#215: On Naming

#215: On Naming
West Village, Detroit, MI

I’ve been trying to teach Matisse to shake hands. I don’t know if we’ve made any progress whatsoever. He’s responding better to treats now, which is why I’m even attempting this endeavor in the first place. I say “shake” and take his paw in mine, then give him a treat. Shake, paw, treat. Over and over.

He recognizes a few other phrases, but only in certain contexts. When I sit next to him with his leash and say, “Wanna go outside?” his tail bounces and he lowers his head to let me put on the collar. He doesn’t quite poop on command, but sometimes when we’re outside words are the extra encouragement he needs to do his business. Slowly, and just barely perceptible to me, he’s starting to learn the names for things.

Something I’ve heard authors – and other creative people – say is that you shouldn’t talk about a book or idea while it’s in progress. Talking about it saps the energy from it. Naming – not merely titling but naming, talking about its plot, characters, and themes – often becomes a substitute for actually working on it.

I don’t disagree. But I think there are also times when that discharge of energy is necessary. When it puts the story at enough of a distance that you can see it more clearly. Outlining is one way of naming, and sometimes that outline happens verbally, told to close friends over gyro biryani at a take-out Bengali restaurant. To put it another way: naming is vessel-making. We mold a cup to hold the water of the story – the water in which we’ve been swimming for so long.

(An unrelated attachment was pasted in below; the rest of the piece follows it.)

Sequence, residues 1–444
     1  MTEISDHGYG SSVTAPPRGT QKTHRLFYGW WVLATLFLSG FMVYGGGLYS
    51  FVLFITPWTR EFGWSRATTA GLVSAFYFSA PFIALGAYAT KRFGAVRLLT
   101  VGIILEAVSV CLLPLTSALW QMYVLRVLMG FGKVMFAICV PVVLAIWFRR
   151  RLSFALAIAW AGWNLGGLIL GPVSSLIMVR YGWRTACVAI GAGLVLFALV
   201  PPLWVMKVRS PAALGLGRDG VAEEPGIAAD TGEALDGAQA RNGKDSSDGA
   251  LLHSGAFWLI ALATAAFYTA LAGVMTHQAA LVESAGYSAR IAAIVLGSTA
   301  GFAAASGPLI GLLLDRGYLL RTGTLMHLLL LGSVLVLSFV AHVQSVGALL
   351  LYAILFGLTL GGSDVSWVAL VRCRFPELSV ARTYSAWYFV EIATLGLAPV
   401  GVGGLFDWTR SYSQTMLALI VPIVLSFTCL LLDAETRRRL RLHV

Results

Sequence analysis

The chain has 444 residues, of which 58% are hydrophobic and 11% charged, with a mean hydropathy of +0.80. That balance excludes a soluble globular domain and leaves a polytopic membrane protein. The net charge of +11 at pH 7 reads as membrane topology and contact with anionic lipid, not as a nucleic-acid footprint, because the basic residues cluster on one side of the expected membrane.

John Tarrant, writing in The Light Inside the Dark:

When we give names we devise an intimate link with what is named; we incur obligations that serve to establish us more steadfastly in the daylight realm. Adam named the animals on parade before him, and the biologist in the highlands of Papua New Guinea says to herself, ‘This, not this,’ again and again, until she comes up with a name for the blue butterfly, as large as her hand adrift before her …
Later what has been separated out may come to seem too solid and will need to be dissolved again in a union of spirit and soul. But for now, this is just what we need: the delicious predictability of the otherness of things, the beginning of consciousness.